But there's an atypical corollary to the dwindling number of theaters. As a sizable portion of older theaters across Myanmar go out of business, an opposing trend towards renovation and technical upgrades is being seen in select cases (including one of the two remaining theaters in the aforementioned Irrawaddy Region). Economic confidence, sparked by the relaxing of some trade embargoes in the wake of political reforms has, it would seem, trickled down to the film industry. As the Ministry of Information privatizes its stock of old theaters, some of them have been acquired by cinema-minded entrepreneurs.
Though still by far the exception, this slowly expanding phenomenon represents a bright spot for preservationists, while offering a glimmer of hope that a human-focused, anti-sprawl form of development will find some adherents in Myanmar. Aside from Yangon and Mandalay, the numbers one and two largest cities, Myanmar's many towns and cities tend to be compact and centralized, with work place and residence often in the same location. This pre-suburban sprawl living arrangement is the reason why so many of Myanmar's old theaters have managed to survive in the first place.
To put that in context, cities across the developed world are pursuing policies that aim to curb sprawl and revive historic town cores. In that sense, Myanmar's long stagnation has left it in an advantageous position if it takes strides to limit private car ownership, enhance public transit and preserve its historic urban cores. Stand-alone movie theaters - the cultural anchors of modern urbanity - can play a major role in keeping the downtown core vibrant.
That said, Lashio in upper Shan State has the distinction of being home to two recently renovated stand-alone movie theaters. The first of the two was highlighted here a few months ago. The second and more recent upgrade is the Aung Thiri Cinema.
The commercial core of Lashio is built on the side of a hill, giving the town a naturally textured siting. Its topographical charm is further complemented by a medley of buildings from different eras, some made of wood, some brick and plaster, some concrete. Space in front of the buildings, from the sidewalks and to the edge of streets are the preserve of hawkers, peddling wares from fresh fruit to cheap electronics. Pedestrians are more or less confined to the streets themselves, reflecting what is at best an early motorized society. In other words, the strict delineation of space has yet to be hashed out.
At the center of this city organism, hidden from plain sight behind a wall of concrete retail stalls, is the Aung Thiri Cinema. To reach the theater, one must go through a passage way between the little stalls which opens onto a plaza surrounding the theater.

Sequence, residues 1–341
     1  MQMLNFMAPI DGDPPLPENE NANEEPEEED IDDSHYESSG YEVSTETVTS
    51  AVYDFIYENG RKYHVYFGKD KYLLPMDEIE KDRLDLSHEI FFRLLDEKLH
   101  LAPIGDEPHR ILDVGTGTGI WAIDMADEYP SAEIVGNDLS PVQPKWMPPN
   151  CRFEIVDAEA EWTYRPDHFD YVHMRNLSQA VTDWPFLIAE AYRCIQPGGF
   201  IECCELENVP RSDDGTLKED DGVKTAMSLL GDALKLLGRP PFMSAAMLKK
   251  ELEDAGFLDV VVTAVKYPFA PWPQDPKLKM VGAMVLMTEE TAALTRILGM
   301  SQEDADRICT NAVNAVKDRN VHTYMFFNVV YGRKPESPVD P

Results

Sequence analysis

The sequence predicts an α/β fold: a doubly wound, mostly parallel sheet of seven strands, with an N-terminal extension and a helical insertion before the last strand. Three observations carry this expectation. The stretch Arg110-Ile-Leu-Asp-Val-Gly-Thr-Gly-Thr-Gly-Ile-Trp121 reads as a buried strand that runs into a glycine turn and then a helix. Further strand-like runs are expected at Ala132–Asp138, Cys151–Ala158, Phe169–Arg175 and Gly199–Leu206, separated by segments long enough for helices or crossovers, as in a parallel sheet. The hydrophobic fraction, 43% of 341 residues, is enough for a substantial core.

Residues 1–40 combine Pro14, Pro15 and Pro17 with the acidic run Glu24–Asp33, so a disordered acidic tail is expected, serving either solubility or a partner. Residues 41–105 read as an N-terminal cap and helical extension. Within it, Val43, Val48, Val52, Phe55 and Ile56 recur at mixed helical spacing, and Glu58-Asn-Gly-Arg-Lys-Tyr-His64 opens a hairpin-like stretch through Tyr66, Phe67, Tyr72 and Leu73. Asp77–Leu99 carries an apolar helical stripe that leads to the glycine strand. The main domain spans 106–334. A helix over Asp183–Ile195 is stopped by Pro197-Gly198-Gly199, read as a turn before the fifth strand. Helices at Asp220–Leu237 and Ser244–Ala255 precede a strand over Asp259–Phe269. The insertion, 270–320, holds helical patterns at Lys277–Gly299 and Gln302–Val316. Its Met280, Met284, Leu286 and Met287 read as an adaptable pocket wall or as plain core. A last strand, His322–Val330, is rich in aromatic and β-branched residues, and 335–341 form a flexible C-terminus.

The architecture of the Aung Thiri is simple. The main structure is brick and concrete, though some interior parts are made of wood. Semi-circle arches sit atop concrete pilasters stacked vertically in the lengthwise procession of the facade. A very common orientation for Myanmar movie theaters. Logical in some ways, as it makes entering and exiting less of a bottle neck.
There is no real lobby area to speak of, just a row of benches within a veranda. Folding wooden doors lead directly into the 400 seat auditorium.
New dimensional signage on the roof advertises the Aung Thiri Cinema and its recently installed 3D projection system
Poster examination in the theater's veranda
Evidence that the charms of the old can live harmoniously with the efficiency and sophistication of the new: the Aung Thiri's original wrought iron ticket window is looking as good as ever, while the ticketing system has been upgraded to a computer system.
Upgraded seating, sound proofing and new lighting have been installed, ushering the Aung Thiri into the contemporary age.
A theater from 1960's Burma looking much like a contemporary multiplex anywhere in the world.
Revitalization of the Aung Thiri Cinema comes at the behest of Yangon-based Mingalar Cinemas, Myanmar's largest theater chain and a proactive player in the preservation of old stand-alones. In 2014, Mingalar partnered with local operators to bring new life the Aung Thiri, which had been dormant since 2003.
Seating was modernized, replacing the theater's original teak wood bench seats with the contemporary cushioned and folding kind. An air-conditioning system was installed for the first time. A brand new screen. But above all else, a digital projector replaced the antiquated if still functional carbon-arc projectors, allowing for the latest in international productions to be screened in top notch quality.
For Lashio, a town once at the far end of accessibility in a country that had long been blocked from the goings-on of the wider world, movie-going is officially in the 21st century. Accompanied, no less, by a treasured piece of the town's social history.
The Aung Thiri at night.
Photography and research at the Aung Thiri Cinema was made possible by the man in the photo below, Mr. Sai Ni Yon, whose impeccable English and generous nature made an often challenging task a breeze. Not only was I granted full access to the Aung Thiri, but he very kindly imparted the historic details of this recently resuscitated cinema treasure.